The Vatican health clinic was closed temporarily after a person tested positive for the coronavirus,…
The coronavirus tragedy provides an opportunity for perspective
Years in the priesthood have left me with many memories, most of them inspiring and, in the end, filled with peace. A few have brought great stress of mind and called for great faith in the perfection of God’s will, and the need to act and think as Jesus acted and thought. Often questions have come about. Under given circumstances, what is God’s will? How would Jesus react to a certain situation?
Lying heavily on my mind, and in my heart, are predictions about the spread of the coronavirus, its viciousness, the absence of any cure and, in general, our helplessness.
In turn, this terrible combination of realties bluntly takes me to those uneasy memories of my priesthood about death and dying.
Precisely, what is obedience to Almighty God, and trust in the Lord, when doctors ask loved ones when, and if, to discontinue treatment and, in effect, leave a spouse, parent, child or someone else who is beloved to the inevitability of death? I will explain.
No Catholic priest educated in the last 50 years has not heard lectures about the morality of ending care in critical cases. The Church’s teaching is firm and unequivocal, straight off the tablets of the Ten Commandments presented by God to Moses.
“Thou shalt not kill.”
The meaning is crisp, exact and unqualified. Rarely, at least so far, generally, in this country does any physician advise allowing disease to run its deadly course without an attempt to reverse that course. The question most often is how far to go when nothing is working as wished. Many cases involve to some degree the judgment that no hope exists, but the assumption often is left that continuing therapy is a choice.
In these times of the coronavirus, hope may exist, but options do not. It will not be that treatment would fail and nothing can be done, but in many cases, infuriatingly, something would succeed if medical necessities were available.
Availability of such necessities already openly and chillingly is discussed. Every day health care experts state that supplies of what is needed for care are in short supply or do not exist.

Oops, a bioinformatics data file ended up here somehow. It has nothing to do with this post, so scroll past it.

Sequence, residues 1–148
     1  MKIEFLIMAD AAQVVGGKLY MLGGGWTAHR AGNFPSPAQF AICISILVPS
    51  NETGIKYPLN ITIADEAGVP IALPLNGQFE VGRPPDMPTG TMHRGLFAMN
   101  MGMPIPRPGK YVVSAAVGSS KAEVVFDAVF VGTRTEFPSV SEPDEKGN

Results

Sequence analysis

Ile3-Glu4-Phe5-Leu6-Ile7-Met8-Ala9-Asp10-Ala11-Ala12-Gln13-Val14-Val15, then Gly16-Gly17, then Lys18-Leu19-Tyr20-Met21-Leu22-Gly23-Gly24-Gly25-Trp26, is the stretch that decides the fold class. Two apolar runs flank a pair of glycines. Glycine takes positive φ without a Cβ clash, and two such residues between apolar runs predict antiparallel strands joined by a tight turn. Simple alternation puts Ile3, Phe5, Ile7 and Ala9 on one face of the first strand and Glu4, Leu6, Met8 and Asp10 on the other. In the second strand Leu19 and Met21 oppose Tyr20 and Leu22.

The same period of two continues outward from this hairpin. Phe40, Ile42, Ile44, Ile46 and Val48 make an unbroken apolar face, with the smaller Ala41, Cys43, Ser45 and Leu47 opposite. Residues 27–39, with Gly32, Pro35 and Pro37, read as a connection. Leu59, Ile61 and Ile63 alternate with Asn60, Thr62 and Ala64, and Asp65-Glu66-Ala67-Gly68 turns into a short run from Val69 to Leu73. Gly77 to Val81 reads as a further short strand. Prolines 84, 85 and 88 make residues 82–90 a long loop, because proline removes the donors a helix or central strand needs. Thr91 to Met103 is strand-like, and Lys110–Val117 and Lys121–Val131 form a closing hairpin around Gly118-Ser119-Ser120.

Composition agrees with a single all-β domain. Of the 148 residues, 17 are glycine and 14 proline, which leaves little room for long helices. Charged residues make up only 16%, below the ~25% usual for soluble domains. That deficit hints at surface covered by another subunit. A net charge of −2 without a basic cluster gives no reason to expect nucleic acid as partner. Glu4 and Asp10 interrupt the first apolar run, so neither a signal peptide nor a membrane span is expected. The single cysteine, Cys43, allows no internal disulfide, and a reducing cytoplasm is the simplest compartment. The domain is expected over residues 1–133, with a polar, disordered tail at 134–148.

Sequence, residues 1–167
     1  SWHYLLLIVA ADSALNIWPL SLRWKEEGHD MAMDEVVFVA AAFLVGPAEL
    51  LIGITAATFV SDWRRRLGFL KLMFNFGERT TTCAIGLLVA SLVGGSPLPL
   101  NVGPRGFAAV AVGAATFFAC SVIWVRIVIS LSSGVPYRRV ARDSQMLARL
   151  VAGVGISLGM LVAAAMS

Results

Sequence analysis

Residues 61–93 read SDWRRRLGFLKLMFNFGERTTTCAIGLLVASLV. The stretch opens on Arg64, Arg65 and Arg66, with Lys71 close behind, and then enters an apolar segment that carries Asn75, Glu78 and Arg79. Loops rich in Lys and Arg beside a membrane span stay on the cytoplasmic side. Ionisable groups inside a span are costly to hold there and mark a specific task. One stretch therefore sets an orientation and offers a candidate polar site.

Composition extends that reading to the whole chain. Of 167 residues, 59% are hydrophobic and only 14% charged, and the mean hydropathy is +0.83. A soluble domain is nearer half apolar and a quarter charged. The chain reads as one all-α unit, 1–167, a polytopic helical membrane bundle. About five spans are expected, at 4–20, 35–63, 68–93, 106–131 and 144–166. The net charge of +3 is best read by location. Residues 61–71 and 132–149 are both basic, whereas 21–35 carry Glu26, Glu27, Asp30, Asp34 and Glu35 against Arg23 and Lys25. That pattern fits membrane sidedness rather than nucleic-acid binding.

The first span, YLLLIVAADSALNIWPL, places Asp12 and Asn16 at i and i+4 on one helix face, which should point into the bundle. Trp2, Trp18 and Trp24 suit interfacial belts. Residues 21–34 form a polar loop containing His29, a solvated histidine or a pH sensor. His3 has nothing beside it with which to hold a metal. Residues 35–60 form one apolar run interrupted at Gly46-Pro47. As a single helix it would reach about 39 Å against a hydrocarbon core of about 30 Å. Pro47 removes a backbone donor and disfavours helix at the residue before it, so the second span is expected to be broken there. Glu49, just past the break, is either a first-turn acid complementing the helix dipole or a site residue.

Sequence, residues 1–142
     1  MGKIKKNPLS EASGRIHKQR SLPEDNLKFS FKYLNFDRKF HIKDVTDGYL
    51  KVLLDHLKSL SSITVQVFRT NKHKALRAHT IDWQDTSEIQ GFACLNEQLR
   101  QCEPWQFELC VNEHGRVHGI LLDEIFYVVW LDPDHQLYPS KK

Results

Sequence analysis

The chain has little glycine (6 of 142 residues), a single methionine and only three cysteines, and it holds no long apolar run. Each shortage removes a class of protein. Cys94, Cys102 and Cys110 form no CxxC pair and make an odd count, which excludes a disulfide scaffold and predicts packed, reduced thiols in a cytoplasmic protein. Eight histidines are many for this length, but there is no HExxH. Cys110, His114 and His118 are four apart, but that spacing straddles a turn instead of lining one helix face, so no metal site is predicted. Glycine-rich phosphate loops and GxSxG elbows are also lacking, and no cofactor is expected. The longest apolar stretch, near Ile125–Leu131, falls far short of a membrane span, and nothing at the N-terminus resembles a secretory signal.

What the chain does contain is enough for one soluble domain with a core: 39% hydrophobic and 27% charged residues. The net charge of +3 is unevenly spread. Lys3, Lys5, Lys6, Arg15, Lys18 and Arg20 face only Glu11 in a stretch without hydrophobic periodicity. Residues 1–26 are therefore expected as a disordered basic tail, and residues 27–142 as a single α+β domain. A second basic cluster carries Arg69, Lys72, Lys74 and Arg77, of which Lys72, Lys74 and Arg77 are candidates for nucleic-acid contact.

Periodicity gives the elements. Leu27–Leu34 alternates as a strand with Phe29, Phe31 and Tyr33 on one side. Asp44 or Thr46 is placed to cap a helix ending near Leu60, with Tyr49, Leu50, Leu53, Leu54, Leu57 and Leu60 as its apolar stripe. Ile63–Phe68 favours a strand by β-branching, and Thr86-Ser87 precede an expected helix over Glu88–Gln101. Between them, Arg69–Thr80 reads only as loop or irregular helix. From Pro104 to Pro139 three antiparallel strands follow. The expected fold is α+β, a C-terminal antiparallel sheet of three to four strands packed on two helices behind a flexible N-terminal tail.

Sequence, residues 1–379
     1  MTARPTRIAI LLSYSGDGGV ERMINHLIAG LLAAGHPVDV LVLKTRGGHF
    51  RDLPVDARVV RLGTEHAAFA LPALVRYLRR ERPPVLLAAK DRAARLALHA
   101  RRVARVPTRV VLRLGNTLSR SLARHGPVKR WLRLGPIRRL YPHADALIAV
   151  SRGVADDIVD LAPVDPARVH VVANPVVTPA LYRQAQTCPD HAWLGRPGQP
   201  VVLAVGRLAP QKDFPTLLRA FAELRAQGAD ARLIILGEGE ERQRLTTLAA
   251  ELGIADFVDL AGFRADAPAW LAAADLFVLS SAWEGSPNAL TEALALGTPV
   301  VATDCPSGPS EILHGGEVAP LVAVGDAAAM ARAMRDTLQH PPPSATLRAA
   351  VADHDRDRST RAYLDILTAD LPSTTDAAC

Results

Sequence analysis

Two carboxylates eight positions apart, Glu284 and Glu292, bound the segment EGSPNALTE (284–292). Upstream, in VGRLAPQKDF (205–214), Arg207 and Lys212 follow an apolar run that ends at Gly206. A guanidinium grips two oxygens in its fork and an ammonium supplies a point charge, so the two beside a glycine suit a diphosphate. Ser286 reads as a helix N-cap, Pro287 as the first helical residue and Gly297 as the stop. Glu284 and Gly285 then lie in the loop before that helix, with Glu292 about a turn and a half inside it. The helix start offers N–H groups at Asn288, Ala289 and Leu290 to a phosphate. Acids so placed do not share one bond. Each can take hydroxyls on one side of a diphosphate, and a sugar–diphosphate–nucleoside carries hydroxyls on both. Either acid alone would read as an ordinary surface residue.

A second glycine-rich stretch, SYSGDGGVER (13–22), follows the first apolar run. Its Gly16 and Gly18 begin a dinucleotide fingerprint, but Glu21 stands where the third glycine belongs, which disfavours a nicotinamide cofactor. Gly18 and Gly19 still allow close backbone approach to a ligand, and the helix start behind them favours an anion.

To be painfully frank, I fear to think that in the coming days families will watch loved ones die, well aware that medicine otherwise could save them, or that just a few months ago they would have lived because required materials were at hand or in easy reach.
If this outcome arrives, God forbid, our national psyche not only will be burdened by grief, but by anger and bitterness as well, perhaps disdain for procedures that help in avoiding illness. Death comes to everyone, but we have become accustomed to the fact that we can prolong life, and indeed enhance health in life, by what we have learned about science and disease. We soon may feel tricked.
The coronavirus pandemic cruelly is teaching us that, after all we know, despite how amazingly smart that we think that we are, we cannot control nature.
Cold, direct, honest thinking leads to a view of the present, although it may produce distasteful and unwanted thoughts. Humans are weak. We need to learn. Science has not failed us utterly.
Survival indeed matters very, very much. Find a cure. Pass laws to protect people in all respects. This is foremost, not surprisingly. Naturally, escaping death is the paramount human instinct. Supernaturally, life is of God.
Life is not just resisting death. It is everyday living. Our hospitals and clinics are peopled by the smart, caring and generous. They call us to transfer these virtues to our own personal conduct, personal relationships and actions, and to international relations and national policies. Simply speaking, follow the Lord.
Finally, the ultimate, universal fact of life is that earthly existence ends, but Jesus put that in perspective. He taught us that death will overcome us, but that a glorious new life awaits us.
Msgr. Owen F. Campion is OSV’s chaplain.